I want to simulate the effects of a fluid expansion due to a thermal load in the walls of close container. Is this something that needs to be done in flow simulation or which simulation tool should I use? Will appreciate any pointers?
Its a structural problem by the sounds of it so Simulation professional or Sim premium - this is not a Sim Flow problem if I understand correctly.
Thanks for the information. explaining a little bit more. I want to simulate the change in shape of a fluid due to a temperature change, with some of the fluid surfaces constrain by the container, but the walls are partially felxible. What I am not sure, since it is a fluid, is if I need to do part in flow simulation or a static or nonlinear simulation will allow me to obtain the results I want.
Freddie, your only option is to use fea. Simulate the fluid as part that is really soft. It won't be perfect but it will be as close as you can get with the sim tools. Otherwise you're talking about a pretty complicated fluid structure interacting problem.
This is probably ok if the deformation is small. What are you expecting? What is the fluid?
Thanks for the suggestions. The fluid is a particualr type of oil and the deformation will be small. I want to be able to model the deformation of the fluid with respect to temperature and verify means to counter act that effect. As I am fairly new to solidwork, I was not sure how to model the fluid itself and wanted to verify with the community if there is a tool in solidworks to do that or if ways to do that, for example as you mentioned a soft part.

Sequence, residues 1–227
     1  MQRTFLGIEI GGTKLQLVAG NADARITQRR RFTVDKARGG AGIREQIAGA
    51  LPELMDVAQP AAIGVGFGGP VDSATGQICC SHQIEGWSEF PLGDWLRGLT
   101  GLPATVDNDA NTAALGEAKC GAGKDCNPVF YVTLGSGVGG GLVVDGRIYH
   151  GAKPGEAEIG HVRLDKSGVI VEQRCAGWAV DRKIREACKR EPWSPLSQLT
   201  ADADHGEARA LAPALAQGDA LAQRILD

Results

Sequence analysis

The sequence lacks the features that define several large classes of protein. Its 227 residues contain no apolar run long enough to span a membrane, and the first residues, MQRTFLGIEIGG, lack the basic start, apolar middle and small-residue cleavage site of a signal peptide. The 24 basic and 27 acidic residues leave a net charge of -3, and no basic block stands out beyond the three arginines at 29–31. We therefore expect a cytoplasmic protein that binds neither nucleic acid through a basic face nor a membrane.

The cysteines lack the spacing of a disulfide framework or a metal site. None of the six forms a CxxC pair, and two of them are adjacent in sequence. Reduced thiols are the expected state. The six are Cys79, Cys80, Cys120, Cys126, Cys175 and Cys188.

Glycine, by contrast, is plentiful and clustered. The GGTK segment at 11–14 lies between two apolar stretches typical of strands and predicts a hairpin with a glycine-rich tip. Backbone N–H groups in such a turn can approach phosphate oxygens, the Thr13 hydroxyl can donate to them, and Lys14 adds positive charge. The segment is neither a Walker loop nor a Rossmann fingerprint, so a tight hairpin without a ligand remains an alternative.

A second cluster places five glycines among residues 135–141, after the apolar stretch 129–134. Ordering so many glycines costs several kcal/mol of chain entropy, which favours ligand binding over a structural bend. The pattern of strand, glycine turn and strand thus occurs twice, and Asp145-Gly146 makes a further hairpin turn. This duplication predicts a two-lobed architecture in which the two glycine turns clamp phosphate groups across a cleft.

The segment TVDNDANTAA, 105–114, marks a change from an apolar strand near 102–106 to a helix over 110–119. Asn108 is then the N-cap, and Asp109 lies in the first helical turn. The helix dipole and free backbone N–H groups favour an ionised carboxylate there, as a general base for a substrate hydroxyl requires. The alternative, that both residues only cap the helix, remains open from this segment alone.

Any other help or ideas are more than welcome....
If it is a sealed container and you are worried about the thermal expansion, then you really need to determine the volumetric expansion of the liquid, then take into account the compression of the airspace above the liquid and determine the actual pressure that the fluid sees. Then, as Jared said, define a very soft solid and apply this pressure to the surface exposed to the airspace in the container.
It would actually be best to define the airspace also so that the temperature effects are compensated for both fluid and gas (otherwise you would have to iterate for the pressure as the bottle expands causing the volume to increase causing the pressure to drop).
You better take pencil and calculate it by hand. It will be faster.
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